July 25, 2008 -- Athletes from around the world -- representing the pinnacle of physical skill and conditioning -- will be converging in Beijing next month for the 2008 Olympic Games -- pushing the limits of their bodies and striving for international greatness.
The air they'll be breathing, though, isn't in the same league. Athletes may be competing in thick soot and smog, dangerous ozone levels, and air quality ranked among the world's worst.
These environmental conditions are alarming athletes, doctors, and other health advocates, who are questioning how Beijing's air quality will affect the Olympic athletes' performance -- along with the short-term health of competitors, who have been training years for this event.
"It's like living in the middle of a construction zone," says Bob Lanier, MD, a Fort Worth-based allergy and asthma specialist who visits Beijing several times a year. "It's like any big city. I think that when athletes get off the plane they're going to be really paranoid, because it has been really bad."
One nation has already taken a stand against the smog. Athletics Australia recently ignited a firestorm when it announced it was banning its track and field competitors from marching at the opening ceremony of the games due to concerns about Beijing's air quality. Instead, the team will remain in training camps in Japan and Hong Kong until their competitions. But are these legitimate worries or overcautious measures? Lanier, who holds an academic appointment at Peking Union Medical College in Beijing, says the city's air-quality conditions during the past few years in the city have gone from "terrible" to "not so bad." He says in terms of air quality, there are worse places to hold such an event that are closer to home. "If you had the choice of holding the Olympics in L.A. or Beijing, I'd probably choose Beijing," he says. Nonetheless, China remains notorious for polluted air. The World Bank has cited China as having 16 of the 20 most air-polluted cities on Earth. The European Space Agency, utilizing satellite imagery, has found that Beijing and its surrounding areas have the world's highest levels of nitrogen dioxide, a substance poisonous to the lungs.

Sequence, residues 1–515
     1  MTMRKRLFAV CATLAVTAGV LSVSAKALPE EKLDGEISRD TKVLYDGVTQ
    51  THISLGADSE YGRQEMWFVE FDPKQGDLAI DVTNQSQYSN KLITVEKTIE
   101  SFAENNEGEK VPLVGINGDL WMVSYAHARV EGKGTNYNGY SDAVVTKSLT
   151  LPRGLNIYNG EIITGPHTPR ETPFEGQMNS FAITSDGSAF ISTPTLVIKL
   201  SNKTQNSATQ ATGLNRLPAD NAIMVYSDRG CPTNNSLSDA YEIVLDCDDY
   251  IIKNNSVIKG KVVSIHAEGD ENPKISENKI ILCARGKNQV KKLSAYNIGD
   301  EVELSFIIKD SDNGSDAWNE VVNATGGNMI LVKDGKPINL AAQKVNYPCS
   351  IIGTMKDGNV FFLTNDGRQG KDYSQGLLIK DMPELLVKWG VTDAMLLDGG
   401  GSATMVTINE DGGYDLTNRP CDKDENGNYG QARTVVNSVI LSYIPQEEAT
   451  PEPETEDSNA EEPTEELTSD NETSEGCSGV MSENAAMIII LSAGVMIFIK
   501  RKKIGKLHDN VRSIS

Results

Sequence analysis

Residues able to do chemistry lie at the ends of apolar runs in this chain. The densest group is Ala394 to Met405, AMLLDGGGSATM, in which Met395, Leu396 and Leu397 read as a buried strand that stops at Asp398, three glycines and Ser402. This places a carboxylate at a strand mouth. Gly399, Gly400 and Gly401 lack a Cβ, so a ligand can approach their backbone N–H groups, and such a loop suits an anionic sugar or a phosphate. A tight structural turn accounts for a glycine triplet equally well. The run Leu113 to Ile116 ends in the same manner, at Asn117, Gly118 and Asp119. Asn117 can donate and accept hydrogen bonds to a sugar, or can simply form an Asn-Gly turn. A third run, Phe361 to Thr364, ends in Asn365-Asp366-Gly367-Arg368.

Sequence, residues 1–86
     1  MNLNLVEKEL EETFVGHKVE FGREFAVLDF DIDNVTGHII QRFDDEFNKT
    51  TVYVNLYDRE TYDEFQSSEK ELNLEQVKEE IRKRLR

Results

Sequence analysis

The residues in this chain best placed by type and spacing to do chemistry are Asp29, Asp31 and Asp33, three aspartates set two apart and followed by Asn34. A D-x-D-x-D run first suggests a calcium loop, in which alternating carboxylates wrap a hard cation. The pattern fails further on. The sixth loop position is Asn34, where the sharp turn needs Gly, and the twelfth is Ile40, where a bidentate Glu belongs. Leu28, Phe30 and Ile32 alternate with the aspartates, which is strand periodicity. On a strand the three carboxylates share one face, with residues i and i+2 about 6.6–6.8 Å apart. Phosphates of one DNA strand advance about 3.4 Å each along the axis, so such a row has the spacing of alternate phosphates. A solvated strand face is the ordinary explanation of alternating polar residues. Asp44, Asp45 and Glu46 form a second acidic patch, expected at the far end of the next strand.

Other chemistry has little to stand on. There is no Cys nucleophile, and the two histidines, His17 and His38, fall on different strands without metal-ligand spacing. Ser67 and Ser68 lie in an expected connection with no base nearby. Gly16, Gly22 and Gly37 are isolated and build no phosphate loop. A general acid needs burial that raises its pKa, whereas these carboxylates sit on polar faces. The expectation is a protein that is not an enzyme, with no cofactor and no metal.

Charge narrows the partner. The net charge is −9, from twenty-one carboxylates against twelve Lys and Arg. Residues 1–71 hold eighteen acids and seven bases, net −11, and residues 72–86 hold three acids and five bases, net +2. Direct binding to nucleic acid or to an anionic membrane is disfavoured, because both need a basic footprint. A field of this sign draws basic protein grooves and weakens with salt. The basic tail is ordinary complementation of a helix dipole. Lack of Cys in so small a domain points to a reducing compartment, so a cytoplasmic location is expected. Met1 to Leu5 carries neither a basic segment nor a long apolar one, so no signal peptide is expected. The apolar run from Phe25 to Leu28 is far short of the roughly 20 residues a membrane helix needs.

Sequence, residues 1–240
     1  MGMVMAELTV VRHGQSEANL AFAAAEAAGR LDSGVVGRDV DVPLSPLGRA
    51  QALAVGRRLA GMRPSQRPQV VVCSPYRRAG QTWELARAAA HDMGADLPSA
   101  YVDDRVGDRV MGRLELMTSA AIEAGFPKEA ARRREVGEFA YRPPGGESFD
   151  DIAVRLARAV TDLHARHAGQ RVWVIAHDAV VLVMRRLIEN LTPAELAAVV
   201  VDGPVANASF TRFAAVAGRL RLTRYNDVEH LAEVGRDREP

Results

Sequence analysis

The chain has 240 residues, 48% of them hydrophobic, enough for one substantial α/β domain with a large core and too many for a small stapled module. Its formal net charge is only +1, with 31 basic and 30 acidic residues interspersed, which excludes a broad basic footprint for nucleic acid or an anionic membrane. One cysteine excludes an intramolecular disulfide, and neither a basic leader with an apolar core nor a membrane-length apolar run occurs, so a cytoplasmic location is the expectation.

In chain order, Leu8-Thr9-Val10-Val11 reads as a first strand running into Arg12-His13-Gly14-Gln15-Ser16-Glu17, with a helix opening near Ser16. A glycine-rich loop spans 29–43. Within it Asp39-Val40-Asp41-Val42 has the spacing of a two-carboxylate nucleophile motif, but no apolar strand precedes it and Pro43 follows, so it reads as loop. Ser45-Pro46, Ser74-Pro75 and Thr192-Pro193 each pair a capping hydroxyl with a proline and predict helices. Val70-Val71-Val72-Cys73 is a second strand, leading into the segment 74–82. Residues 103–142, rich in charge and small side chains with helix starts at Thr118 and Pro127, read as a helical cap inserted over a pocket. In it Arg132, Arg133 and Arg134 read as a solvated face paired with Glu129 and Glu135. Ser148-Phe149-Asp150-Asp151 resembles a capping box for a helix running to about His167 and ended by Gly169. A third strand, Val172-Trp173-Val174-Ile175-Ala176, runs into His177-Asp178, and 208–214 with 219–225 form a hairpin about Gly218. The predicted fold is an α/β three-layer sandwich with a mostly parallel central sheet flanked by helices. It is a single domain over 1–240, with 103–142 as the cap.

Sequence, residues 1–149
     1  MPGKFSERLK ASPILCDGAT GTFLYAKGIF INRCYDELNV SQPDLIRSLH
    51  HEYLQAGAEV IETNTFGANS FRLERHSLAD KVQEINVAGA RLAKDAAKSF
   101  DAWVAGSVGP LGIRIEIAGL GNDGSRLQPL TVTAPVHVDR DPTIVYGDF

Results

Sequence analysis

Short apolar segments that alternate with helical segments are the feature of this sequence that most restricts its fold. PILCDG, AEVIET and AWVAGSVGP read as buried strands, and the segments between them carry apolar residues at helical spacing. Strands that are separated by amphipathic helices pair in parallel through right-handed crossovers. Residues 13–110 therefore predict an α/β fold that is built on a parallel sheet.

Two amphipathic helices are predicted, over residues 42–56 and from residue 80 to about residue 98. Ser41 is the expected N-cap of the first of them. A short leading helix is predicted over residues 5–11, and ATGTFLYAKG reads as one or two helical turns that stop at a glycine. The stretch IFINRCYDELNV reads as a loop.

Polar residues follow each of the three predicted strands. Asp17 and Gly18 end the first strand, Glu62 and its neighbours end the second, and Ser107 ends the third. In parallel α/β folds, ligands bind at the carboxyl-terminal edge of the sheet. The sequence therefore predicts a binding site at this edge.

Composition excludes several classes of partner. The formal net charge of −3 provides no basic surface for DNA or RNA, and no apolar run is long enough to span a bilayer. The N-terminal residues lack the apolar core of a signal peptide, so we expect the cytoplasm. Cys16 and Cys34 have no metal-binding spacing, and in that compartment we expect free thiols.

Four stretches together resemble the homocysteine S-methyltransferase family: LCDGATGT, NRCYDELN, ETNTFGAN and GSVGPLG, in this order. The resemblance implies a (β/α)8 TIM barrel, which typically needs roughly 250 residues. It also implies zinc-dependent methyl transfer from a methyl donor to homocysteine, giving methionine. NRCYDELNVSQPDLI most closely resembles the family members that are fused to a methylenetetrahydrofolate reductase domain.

Beijing's Efforts to Improve the Air
Beijing Olympic officials have taken steps to try to improve air quality during the games: traffic will be very limited and construction will halt. Still, Alfred Munzer, MD, director of pulmonary medicine at Washington Adventist Hospital and former president of the American Lung Association, says that shutting down factories and enforcing driving bans won't eliminate what's already in the air. "During exercise, the movement of air in the lungs goes up about tenfold, which means exposure to air pollution goes up tenfold," Munzer says. "This has a severe affect on the respiratory tract. It will have an effect on healthy athletes." Scheduling may help some Olympic athletes. The coolest time of the morning offers the most ideal conditions for competition, followed by early evening once the sun sets. Unfortunately, there's little else athletes -- or even spectators -- can do to prevent exposure to air pollution.